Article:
DAVIS, Calif. (KTVU) - In the image, she's wearing a royal blue gown, carrying a black-striped American flag with a thin blue line streaked across it.
Her heels are high. Her hair is done. Her smile is beaming. And she's standing in the middle of Leesville Grade Road next to a field in Williams, Colusa County, population 21,000, in California's Central Valley, where her father was a sheriff's deputy and now a county supervisor.
It's this compelling photograph of slain Davis police officer Natalie Corona that circulated throughout the country on Friday, hours after the 22-year-old was shot to death by a suspect identified on Saturday as Kevin Douglas Limbaugh, 48. A note found on his bed inside his home, where he later killed himself, stated that he believed Davis police bombarded him with ultrasonic waves.
The Sacramento Bee reported that court documents show he was convicted in a battery case and agreed in November to surrender a semiautomatic rifle. Witnesses said he seemed to shoot randomly into the scene on Thursday evening in Davis, about an hour away from where her photograph was taken, and then walk calmly away. He was found a few blocks away at his home; he died of a self-inflicted gunshot wound to the head. Two semi-automatic handguns were found, too, police said.
"I would like this photograph to serve as my gratitude for all those law enforcement men and women who have served, who are currently serving, and those who have died in the line of duty protecting our liberties in this great country," Corona wrote on her Facebook page on Oct. 21, 2016. She used the hashtags: #LawEnforcement #Blueline #Thankyou #Lausphotography.
The words are almost prescient, written more than two and a half years before her death. Authorities say Limbaugh walked up to a traffic accident that Corona was called to and started shooting at her patrol car, a fire truck and a minivan. She was struck by the gunfire and died later at the hospital. It's unclear if the two had ever met.
Photographer Rich Lau told KTVU on Saturday that he remembers Corona, and the day of the photo shoot, well.
A few years ago, before she became an officer, she used to sell fruit at a stand that he frequented. They struck up a conversation. He is a portrait photographer who needed models to practice with and "she was really photogenic," he said.
So they arranged a day to take photographs. "She chose the outfit, she chose the flag," Lau said.
He didn't ask too many more questions, and made images of her holding the flag, which symbolizes police officers who are courageous when faced with unbelievable odds. Over the next couple of years, Lau said he has taken many more photographs of Corona, which he said he wants to send to her family and not be shared publicly unless they want to.
He lives in Williams, about 10 miles from where Corona lived in Arbuckle, and when he heard about the gunfire in nearby Davis, he texted her that night. Are you OK? he wanted to know. She didn't text back. "I was really shocked," he said. "I didn't think it would be her."
Corona was the first officer in the Davis Police Department to die in the line of duty since 1959. She had only been patrolling solo for about two weeks, the chief said. But friends and family say becoming a police officer was all she had ever dreamed of.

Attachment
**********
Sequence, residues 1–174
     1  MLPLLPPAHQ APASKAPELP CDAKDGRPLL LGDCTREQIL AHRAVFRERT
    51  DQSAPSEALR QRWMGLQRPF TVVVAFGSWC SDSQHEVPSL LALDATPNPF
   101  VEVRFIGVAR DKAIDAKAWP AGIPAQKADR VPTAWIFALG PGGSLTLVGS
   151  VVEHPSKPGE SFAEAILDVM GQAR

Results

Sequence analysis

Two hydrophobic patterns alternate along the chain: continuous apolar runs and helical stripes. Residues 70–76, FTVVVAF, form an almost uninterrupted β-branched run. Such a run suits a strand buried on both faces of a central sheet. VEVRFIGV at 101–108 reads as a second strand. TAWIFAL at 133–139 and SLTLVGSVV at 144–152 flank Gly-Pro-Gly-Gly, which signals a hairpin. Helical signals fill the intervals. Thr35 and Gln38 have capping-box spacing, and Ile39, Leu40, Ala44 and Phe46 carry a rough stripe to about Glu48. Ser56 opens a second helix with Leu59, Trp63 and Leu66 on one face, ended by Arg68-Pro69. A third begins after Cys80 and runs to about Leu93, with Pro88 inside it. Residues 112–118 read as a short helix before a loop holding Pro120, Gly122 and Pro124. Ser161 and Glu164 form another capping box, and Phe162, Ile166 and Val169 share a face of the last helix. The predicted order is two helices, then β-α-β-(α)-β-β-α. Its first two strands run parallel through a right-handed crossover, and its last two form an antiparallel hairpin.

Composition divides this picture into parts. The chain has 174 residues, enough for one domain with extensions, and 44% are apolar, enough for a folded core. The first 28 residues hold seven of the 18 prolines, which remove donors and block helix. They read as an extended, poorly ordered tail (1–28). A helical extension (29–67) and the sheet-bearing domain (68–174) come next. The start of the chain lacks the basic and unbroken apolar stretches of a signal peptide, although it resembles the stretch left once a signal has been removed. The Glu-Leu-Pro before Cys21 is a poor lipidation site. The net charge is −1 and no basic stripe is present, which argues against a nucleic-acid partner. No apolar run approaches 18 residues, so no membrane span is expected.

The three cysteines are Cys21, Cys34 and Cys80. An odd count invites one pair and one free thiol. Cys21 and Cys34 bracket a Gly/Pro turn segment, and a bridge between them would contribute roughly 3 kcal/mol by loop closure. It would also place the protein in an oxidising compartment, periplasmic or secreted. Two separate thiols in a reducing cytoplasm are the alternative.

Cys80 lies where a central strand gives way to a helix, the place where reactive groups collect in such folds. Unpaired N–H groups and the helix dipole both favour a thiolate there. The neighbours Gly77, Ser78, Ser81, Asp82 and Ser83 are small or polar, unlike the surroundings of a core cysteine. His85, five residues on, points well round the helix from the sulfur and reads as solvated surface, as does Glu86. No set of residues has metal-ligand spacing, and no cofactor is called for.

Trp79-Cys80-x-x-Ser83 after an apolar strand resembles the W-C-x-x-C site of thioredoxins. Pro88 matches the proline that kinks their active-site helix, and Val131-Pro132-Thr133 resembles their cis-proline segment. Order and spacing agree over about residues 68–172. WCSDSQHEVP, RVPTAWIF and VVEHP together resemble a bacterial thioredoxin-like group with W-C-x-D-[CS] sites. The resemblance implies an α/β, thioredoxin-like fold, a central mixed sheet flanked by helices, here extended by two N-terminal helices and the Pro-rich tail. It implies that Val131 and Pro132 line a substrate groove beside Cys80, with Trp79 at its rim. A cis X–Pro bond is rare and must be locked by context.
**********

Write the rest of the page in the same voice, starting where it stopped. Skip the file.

"I don't remember her talking about anything else than wanting to become an officer," said Emily Gomez, who said her cousin was an athletic star in high school, excelling in volleyball, basketball and track. She grew up in a tight-knit family in the Northern California town of Arbuckle. The family had emigrated from Mexico a few generations ago and had become established members of their community.
Corona's father, Jose Merced Corona, spent 26 years as a Colusa County Sheriff's sergeant before retiring and getting elected to the county's Board of Supervisors last November. Her mother is a first-grade teacher, and two cousins are also in law enforcement, Gomez said.
Corona graduated from the Sacramento Police Academy last July and completed her training in December just before Christmas, officials said.
"She was very proud," her father told Fox40-TV, choking back tears as he spoke about how much she loved her job.
"She would come home, she would be beaming," her father said, his voice quivering. "She died doing what she wanted to do, what she loved."
He pinned the badge on his daughter at her swearing-in ceremony in August.
Corona was the second officer killed in California in the past two and a half weeks.
Cpl. Ronil Singh, 33, of the Newman Police Department was shot to death Dec. 26 after he stopped a suspected drunk driver.
Gustavo Arriaga Perez, also 33, was charged with the murder. Authorities said Perez Arriaga was in the country illegally and was preparing to flee to Mexico when he was arrested. That killing rekindled a debate over California's sanctuary law that limits cooperation by local officials with federal immigration authorities.
A candlelight vigil for the slain officer was scheduled Saturday night.
"She was the best of us," said Davis officer Mike Yu, after placing a "Blue Lives Matter" flag at the crime scene, about a mile from the police station.
The Associated Press contributed to this report. This story was reported in Oakland, Calif. This story was updated on Jan. 14, 2019 to correct the misspelling of the photographer's name and to add information about a letter left on the suspect's bed.